China wants to diversify its energy sources
China, which continues its economic and demographic development will eventually be the first polluter of the planet
The International Energy Agency estimates that China and India will together overtake the United States (the leading polluter) around 2015.
While environmental management remains a still opaque problem in China as evidenced by the recent benzene pollution of the Songhua River, this country is turning more and more towards renewable energies as an additional solution to its development.
China: a new energy chasm ...
Remember that China is undoubtedly one of the most dynamic countries on the planet with a growth of 9% in 2004 and a population which represents nearly 20% of Humanity.
China, which is not required to reduce its greenhouse gas emissions, is now the second largest consumer of oil after the United States. It is also the world's largest producer and consumer of coal, one of the most polluting energy sources, which supplies nearly 70% of its energy needs.
“China is already the top polluter in certain areas such as sulfur dioxide emissions. Overall, it is now in second place, but it should overtake the United States within ten years ”, estimates Professor Gérald Fryxell, specialist in sustainable development at the China European International Business School in Shanghai. He adds, moreover - a problem experienced by industrialized societies -: "China can always reduce the proportion of petroleum and coal in its energy sources, it will nevertheless continue to consume more of it," says Gerald Fryxell. Indeed, consumption continues to increase, whether in France where the population is aging or in China where it is increasing considerably given the current size of its population ...
... which relies heavily on coal
The United States, Australia, China, India and South Korea revealed on July 28, 2005 the existence of an alternative project to the Kyoto protocol. This alliance, called “Asia-Pacific Partnership for Clean Development and Climate” also has the final objective of reducing greenhouse gas (GHG) emissions in order to mitigate ongoing climate change. However, the resources that will be put in place favor the implementation of clean and advanced technologies around coal mining.
“We believe that the most important thing for China is to make its coal clean with processes like gasification,” adds Emiliano Cecchini, project manager of the Sino-Italian Cooperation Program for Environmental Protection, based in Shanghai. 650 million euros will also be invested to reduce sulfur dioxide emissions resulting from the combustion of coal.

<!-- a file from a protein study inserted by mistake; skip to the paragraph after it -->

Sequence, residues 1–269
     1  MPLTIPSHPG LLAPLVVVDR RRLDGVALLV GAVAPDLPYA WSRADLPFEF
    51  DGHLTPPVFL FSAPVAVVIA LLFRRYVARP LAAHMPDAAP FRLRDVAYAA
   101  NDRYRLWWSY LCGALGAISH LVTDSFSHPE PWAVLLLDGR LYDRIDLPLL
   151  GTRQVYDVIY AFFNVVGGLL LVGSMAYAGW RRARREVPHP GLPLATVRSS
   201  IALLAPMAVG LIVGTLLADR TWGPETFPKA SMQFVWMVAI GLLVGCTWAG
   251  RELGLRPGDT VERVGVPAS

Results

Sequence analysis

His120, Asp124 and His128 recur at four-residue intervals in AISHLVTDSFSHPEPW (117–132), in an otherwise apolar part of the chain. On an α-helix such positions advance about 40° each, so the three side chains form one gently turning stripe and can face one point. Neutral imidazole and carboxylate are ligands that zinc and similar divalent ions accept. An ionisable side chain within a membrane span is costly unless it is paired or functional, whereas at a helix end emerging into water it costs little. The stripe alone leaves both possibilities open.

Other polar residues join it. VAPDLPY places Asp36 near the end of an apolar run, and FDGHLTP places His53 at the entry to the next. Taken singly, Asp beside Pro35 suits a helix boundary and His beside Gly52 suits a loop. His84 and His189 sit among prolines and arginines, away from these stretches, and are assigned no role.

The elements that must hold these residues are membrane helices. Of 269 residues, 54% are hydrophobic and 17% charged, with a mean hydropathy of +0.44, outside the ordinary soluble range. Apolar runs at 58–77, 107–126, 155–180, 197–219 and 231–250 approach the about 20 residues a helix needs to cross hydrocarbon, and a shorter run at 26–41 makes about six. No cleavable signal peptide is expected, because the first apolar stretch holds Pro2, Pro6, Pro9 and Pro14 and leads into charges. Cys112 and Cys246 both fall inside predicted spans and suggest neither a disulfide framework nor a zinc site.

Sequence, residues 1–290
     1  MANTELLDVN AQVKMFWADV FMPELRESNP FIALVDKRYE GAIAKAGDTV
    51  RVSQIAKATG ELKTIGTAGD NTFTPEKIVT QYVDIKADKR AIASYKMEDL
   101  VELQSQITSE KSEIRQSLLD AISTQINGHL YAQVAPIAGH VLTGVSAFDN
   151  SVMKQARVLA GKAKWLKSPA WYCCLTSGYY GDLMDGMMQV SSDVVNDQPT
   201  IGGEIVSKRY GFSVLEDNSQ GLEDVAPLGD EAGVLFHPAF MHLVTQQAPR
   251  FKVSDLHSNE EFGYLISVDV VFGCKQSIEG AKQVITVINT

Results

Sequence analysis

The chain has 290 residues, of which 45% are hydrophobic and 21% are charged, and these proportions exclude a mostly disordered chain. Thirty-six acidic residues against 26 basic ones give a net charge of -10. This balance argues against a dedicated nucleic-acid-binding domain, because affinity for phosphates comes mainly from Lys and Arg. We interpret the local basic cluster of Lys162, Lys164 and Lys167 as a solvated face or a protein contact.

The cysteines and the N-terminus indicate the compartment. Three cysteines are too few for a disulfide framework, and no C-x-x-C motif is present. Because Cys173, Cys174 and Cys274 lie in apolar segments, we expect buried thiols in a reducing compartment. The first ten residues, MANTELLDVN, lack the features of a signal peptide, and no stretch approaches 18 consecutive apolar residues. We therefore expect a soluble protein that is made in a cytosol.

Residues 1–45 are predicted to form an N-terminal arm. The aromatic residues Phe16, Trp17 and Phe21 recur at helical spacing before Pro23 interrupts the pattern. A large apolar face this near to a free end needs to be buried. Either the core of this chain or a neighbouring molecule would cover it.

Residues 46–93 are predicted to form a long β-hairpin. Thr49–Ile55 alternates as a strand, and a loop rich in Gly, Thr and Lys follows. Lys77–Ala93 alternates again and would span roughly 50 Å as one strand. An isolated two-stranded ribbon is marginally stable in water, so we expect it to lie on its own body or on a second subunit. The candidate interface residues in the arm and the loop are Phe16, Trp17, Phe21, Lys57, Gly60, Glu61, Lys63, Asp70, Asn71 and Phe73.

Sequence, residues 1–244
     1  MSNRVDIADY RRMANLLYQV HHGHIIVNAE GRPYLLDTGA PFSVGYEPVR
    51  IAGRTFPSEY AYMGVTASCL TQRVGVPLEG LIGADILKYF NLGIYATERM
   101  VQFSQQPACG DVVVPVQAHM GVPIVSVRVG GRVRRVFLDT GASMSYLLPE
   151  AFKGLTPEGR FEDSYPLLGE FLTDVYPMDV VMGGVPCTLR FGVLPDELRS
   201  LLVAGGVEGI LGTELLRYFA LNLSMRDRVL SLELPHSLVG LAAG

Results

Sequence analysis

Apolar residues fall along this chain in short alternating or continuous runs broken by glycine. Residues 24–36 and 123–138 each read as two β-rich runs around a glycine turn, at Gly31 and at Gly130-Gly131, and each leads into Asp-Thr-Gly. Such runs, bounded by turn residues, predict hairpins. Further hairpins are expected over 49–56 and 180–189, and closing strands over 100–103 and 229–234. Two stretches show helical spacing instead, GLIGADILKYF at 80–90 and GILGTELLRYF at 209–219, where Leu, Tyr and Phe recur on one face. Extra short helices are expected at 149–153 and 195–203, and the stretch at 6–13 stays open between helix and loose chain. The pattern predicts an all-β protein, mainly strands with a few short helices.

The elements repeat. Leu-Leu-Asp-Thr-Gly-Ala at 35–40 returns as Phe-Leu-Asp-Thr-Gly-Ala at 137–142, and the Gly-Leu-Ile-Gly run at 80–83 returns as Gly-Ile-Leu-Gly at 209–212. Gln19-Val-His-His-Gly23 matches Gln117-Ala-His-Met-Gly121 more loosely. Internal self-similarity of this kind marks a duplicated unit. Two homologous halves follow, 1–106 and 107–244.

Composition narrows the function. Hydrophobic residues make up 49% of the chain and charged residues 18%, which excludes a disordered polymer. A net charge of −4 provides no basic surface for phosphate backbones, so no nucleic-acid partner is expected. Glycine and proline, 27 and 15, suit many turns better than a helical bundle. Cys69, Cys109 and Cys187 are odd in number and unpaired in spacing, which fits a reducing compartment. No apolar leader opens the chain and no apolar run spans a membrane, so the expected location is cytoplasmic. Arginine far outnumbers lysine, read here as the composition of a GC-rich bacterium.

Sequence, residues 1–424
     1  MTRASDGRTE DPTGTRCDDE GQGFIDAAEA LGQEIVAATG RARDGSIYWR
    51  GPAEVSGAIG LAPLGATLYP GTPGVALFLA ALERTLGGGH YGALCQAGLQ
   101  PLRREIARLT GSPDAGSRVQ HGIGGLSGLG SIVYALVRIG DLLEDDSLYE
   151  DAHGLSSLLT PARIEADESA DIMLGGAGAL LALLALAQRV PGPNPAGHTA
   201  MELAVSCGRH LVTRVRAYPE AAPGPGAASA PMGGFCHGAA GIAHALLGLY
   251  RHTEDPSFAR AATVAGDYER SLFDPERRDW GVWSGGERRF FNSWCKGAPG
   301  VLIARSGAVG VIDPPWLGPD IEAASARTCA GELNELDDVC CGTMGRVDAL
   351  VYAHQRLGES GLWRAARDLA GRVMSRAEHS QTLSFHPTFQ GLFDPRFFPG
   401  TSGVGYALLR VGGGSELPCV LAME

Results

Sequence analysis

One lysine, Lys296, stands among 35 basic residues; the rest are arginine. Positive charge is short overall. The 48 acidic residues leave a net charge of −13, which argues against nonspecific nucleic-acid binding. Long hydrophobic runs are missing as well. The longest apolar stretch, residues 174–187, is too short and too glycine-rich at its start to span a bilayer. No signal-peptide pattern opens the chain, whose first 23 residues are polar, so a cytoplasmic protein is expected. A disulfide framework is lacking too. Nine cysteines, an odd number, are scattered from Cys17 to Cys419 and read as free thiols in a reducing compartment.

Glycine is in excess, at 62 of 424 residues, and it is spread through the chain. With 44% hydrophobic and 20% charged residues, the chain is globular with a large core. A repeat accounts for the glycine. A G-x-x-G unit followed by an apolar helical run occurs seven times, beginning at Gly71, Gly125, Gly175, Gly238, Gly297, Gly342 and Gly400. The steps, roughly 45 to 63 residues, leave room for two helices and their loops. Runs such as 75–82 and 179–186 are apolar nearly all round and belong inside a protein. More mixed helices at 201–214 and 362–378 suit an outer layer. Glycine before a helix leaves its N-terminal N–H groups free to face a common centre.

Chinese cities are affected by sulfur dioxide pollution
According to a recent study by the Chinese Institute of Environmental Sciences and Qinghua University, out of 338 Chinese cities where air quality is measured, nearly two-thirds (63,5%) have a level of pollution from the air considered to be medium or severe, the most affected regions being the south and southwest of the country.
Sulfur dioxide emissions are increasing rapidly in China, notably due to the heavy use of poor quality coal or outdated combustion techniques in thermal power plants. Sulfur dioxide emissions amounted to 6,6 million tonnes in 2002 and will reach 12,86 million tonnes in 2005 if they continue to grow at the current rate, according to the study. In total, 30% of Chinese territory suffers from acid rain.
The European Space Agency (ESA) showed, in early September 2005, on a map produced by the Envisat satellite, the extent of nitrogen dioxide (NO2) pollution over Beijing and north-eastern China. It is in fact the largest cloud of pollution in the world as a result of China's spectacular economic growth over the past decade.
Nitrogen oxides are emitted on a massive scale by cars and stationary combustion sources such as thermal power plants, heating installations, heavy industries, forest fires or even incineration plants. NOx are at the origin of acid deposition with SO2 and participate in photochemical pollution by generating the production of tropospheric ozone which is a factor of excess mortality.
Towards an energy diversification
However, China wants to reduce some of its dependence on coal, the extraction of which also costs the lives of thousands of miners every year. The China Energy Research Institute expects a reduction of 10% within 15 years. And, recently, the China Daily reported that construction of new coal-fired power plants was now banned in Beijing, Shanghai and 21 provincial capitals.
To do this, China announced in early November an investment of 180 billion dollars to develop renewable energies and increase their share in global energy consumption from 7% to 15% in 2020. “China encourages companies to use energy sources. 'other sources of energy, such as solar or wind power, by relieving certain taxes,' explains Han Zhengguo, analyst for the financial group Haitong Securities in Shanghai.
Finally, China is also investing in nuclear power with the support of France since by 2020, 40 nuclear power plants will be built.